June 21, 2021

Azores protects 20% of its maritime area | Society

Azores protects 20% of its maritime area | Society

The Azores will protect 20% of its maritime area, the largest oceanic extension of the European Union under that conservationist regime. The Blue Azores program, signed today by the regional government and the Foundations Blue ocean Y Waitt Institute, will be dedicated for three years to protect, promote and value the natural capital of the archipelago, which until now had protected 5% of its waters. In total, there will be 200,000 square kilometers of total protection. The Government is committed to legislate and monitor compliance with laws and foundations to carry out scientific expeditions.

In the global ocean, only 4.8% belong to a protected area in various degrees, although the 'total protection', as in the case of the Portuguese archipelago, reaches only 2.2% (0.8% at sea), according to WWF. In the case of Portugal, the complete protection of its waters (where fishing is prohibited) is 1% and that of the most lax reserves increases to 4%.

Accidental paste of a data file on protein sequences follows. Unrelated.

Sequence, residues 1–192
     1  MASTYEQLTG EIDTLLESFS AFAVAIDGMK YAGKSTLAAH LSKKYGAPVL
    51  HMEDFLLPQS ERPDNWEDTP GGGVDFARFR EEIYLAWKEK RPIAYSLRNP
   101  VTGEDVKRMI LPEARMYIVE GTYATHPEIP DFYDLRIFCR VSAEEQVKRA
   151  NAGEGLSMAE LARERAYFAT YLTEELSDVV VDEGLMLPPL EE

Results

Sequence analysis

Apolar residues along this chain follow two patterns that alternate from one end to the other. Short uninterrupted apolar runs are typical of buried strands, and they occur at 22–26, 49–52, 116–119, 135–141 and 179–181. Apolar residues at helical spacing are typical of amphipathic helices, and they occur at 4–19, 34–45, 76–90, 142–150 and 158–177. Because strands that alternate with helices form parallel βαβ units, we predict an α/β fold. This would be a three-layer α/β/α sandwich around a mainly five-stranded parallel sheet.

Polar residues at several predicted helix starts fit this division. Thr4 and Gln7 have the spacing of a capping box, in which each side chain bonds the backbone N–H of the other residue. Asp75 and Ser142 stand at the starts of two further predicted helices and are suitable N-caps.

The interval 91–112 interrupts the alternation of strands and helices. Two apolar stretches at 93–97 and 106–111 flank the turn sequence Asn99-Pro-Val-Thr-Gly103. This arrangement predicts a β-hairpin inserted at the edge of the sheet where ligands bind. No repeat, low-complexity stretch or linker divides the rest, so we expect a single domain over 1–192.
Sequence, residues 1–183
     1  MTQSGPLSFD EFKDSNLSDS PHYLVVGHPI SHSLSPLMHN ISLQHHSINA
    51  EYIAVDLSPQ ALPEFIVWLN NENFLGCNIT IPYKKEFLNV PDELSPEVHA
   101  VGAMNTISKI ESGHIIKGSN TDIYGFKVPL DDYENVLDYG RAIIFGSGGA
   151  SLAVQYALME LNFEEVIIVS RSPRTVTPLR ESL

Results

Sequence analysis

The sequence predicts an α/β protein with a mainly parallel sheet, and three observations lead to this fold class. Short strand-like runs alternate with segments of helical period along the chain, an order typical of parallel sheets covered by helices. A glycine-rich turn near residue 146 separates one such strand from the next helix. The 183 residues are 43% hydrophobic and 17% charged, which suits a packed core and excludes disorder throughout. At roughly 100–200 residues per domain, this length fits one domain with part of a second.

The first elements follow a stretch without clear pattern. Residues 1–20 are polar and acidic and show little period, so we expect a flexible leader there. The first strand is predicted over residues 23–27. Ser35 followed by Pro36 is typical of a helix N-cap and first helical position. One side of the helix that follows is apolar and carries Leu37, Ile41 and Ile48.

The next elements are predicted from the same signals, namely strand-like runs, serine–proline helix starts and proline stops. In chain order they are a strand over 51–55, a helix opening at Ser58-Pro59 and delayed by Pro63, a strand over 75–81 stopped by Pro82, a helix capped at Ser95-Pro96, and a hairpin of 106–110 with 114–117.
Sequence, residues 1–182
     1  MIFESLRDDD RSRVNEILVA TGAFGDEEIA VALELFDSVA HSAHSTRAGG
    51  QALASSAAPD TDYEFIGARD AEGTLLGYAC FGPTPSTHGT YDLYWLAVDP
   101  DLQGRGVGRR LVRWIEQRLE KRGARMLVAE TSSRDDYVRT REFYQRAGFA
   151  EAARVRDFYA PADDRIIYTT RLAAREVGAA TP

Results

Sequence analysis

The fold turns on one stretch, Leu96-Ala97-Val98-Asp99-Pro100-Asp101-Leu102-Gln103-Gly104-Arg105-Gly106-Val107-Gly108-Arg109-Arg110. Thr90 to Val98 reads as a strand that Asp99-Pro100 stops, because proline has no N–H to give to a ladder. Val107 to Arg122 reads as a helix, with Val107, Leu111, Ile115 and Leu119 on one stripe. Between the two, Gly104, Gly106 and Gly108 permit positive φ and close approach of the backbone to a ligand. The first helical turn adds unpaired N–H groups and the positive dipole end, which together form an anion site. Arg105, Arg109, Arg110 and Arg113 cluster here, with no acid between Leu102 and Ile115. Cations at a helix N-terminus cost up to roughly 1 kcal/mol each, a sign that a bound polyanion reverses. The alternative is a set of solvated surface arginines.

The archipelago of the Azores is formed by the islands of Flores, Corvo, Graciosa, Terceira, San Jorge, Pico, Faial, San Miguel and Santa Maria, where 240,000 people live. Its sea accounts for 55% of the national maritime area, almost one million square kilometers and an average depth of 3,000 meters.

The geological structure of the Azores presents unique and fragile marine ecosystems, although many of them have not yet been fully mapped. The scientific expeditions have certified 25 species of marine mammals, eight species of nesting seabirds, four species of marine turtles, 560 species of fish, more than 400 species of algae and thousands of different invertebrates, in habitats that reach 5,000 meters depth.

During the three years of the program, in which about five million euros will be invested, scientific expeditions of the North American foundation Waitt and the Blue Ocean will be devoted to design the management plans of the protected areas, develop studies for the sustainable management of fishing (5% of the archipelago's wealth) and identifying new areas of conservation interest for the so-called blue economy to be viable.


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